Imagination and Montessori

There are some myths about Montessori that sometimes crop up and often they surround the topic of imagination. There can sometimes be this feeling that Montessori does not allow for kids to use their imagination or that somehow pretend play isn't encouraged. We so often see Montessori children,focused on trays that have specific outcomes that it can appear that creativity, imagination, and the world of pretend is taken out of the equation.  "The secret of success is found to lie in the right use of imagination in awakening interest..." Maria Montessori  But, that's simply not true. Children will always pretend. They will use their imagination to create. If you spend time with any child this quickly becomes clear. Children constantly use their imaginations to create, to process, and to learn. 

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In a Montessori home, we don't discourage the use of imagination or pretend play. But, it may look a bit differently t…

Using a Fork -- Montessori Young Toddler Week 19

When Gus first started eating, way back when he was around 6 months old, we immediately introduced him to real plates, cups, and spoons. By real, I mean ceramic plates/bowls, real metal spoons, and glass cups. Since that time he has continued to eat with these real tools available to him. Throughout this process, however, the goal has never been perfection, it's just been to have the tools available for him to experience as he felt compelled to try them. 

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His weaning spoon, in particular, was always available, but that doesn't mean it was always used. But as he has gotten older, he has taken a greater interest in eating with utensils. A few weeks ago, I saw that he was very very interested in trying to eat with my fork so I finally ordered some small forks of his own. 

I purchased mine from Michael Olaf Montessori shop, but they are Oneida brand. I believe they are the same as this set {or this set with a knife included}, or…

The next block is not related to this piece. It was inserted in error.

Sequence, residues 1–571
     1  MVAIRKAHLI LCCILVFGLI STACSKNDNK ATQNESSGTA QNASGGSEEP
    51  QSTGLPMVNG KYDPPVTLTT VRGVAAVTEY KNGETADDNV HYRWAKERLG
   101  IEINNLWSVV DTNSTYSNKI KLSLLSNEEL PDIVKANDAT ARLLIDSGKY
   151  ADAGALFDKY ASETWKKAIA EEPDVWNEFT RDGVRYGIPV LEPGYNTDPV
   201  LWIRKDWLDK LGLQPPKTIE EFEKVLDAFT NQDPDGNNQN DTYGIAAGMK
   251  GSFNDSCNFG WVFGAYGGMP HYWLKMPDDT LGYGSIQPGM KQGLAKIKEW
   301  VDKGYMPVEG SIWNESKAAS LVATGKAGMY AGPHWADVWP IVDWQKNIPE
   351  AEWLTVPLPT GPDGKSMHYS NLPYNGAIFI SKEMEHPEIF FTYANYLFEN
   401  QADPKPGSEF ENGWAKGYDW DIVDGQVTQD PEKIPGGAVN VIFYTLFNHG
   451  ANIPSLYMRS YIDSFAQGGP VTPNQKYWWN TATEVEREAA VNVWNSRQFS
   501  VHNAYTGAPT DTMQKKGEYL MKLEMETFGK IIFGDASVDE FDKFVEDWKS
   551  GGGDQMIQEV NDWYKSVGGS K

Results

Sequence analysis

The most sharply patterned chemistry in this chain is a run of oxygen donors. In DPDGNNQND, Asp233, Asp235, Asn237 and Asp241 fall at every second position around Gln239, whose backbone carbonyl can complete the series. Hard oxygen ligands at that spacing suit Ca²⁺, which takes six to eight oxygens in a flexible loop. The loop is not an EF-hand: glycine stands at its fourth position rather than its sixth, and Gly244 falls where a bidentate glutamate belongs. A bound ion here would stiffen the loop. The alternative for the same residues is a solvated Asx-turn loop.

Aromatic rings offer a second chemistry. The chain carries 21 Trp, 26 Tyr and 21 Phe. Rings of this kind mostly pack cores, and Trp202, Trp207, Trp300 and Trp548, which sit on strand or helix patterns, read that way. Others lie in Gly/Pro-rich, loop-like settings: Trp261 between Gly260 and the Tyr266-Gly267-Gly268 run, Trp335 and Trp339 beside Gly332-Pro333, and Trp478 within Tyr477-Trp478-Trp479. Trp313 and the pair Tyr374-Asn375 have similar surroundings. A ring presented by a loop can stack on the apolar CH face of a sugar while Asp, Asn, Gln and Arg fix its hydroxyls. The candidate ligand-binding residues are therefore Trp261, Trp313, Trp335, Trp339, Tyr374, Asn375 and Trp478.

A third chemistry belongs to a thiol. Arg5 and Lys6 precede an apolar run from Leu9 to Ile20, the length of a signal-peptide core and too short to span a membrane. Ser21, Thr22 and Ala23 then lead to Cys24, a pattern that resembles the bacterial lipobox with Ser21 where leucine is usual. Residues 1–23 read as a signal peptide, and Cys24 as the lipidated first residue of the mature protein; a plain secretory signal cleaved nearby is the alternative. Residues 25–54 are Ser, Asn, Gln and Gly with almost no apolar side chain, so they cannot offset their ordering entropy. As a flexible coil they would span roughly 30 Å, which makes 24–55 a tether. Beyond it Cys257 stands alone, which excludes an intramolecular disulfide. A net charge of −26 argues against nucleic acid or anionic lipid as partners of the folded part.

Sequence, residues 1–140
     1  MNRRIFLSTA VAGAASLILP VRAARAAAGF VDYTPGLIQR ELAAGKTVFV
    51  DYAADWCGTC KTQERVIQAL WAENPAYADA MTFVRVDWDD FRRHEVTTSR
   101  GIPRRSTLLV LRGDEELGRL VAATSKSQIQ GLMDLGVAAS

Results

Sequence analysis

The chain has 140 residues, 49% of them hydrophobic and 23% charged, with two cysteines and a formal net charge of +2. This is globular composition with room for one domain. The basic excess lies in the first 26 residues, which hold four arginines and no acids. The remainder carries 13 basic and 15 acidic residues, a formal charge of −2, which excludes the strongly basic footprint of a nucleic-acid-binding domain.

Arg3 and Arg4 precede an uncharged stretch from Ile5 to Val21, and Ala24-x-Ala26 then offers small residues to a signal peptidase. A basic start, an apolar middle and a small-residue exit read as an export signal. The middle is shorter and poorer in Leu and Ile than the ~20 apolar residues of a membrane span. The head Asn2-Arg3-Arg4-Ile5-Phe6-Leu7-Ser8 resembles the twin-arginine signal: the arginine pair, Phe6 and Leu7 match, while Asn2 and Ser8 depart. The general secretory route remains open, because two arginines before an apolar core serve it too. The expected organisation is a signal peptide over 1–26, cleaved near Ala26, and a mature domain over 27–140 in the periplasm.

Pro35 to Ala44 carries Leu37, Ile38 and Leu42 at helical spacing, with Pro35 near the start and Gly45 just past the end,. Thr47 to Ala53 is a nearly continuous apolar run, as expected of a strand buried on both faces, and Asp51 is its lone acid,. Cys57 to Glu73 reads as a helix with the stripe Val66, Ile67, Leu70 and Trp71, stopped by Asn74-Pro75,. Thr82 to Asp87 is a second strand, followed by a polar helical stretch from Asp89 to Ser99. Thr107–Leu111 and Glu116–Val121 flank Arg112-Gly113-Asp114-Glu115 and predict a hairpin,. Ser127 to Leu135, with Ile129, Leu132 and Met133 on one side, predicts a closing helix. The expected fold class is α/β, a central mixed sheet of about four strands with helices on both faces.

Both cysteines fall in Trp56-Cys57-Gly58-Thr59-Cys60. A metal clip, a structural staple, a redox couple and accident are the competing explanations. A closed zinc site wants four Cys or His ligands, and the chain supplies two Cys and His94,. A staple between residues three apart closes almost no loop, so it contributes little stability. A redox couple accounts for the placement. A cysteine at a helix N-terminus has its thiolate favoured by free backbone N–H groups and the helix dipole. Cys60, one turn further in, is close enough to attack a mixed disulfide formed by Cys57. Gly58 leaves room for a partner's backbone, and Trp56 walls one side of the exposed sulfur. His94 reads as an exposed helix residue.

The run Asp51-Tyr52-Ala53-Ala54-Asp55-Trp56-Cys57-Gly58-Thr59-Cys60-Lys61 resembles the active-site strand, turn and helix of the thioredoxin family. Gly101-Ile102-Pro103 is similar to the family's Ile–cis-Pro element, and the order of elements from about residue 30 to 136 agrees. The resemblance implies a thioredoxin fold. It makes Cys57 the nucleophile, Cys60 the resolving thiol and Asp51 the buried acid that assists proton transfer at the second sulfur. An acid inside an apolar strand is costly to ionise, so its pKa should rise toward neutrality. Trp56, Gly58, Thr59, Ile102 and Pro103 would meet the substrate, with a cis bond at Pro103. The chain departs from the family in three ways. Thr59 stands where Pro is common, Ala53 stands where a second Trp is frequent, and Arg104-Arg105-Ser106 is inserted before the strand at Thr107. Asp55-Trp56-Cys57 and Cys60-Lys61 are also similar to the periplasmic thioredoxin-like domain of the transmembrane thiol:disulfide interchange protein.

Montessori Floor Beds and Young Toddlers

Floor beds are quintessential for Montessori babies! Maria Montessori talked about the importance of having a bed that allowed for an infant’s free movement many times, as did her predecessors in the Montessori 0-3 community. We know that it is important that a child can move freely into and out of bed as a very young child. Montessori was very clear about the need to use a low and accessible bed for young children.  "We suggest that a typical child's bed should be done away with...the child instead should be given a low couch resting practically upon the floor, where he can lie down and get up as he wishes." Maria Montessori  But what happens as your baby grows? And suddenly your baby isn’t so much of a baby anymore? What is the role of the floor bed with young toddlers? 
Before I go on, I wanted to make it clear that I am in NO way a sleep expert or anything. Sleep can be an intensely dividing issue and I'm here only to share our experience. Everyone will take diff…

Our Reference Books and How we Use Them

As my children get a little bit older, it's important for me to have books available that give them information, not just stories. This way if they have a question, they have the resources available to them to be able to find information about that topic. Plus, these books open up so much information about the world that my children may not have learned otherwise. 
We have had many of these books for a long time, but organizing them into a reference library was an idea I got from How We Montessori. Basically, these books are not rotated like our picture books, but are on their own shelf available all the time. Since organizing this way, my children have access to answer their questions or to just pursue the books at their leisure. It's worked really well. 

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Here are a look at some of my favorite reference books. Most of these we own, but a few are on my wish list.  Geography/BiomesMaps - a great visual overview, appropriate…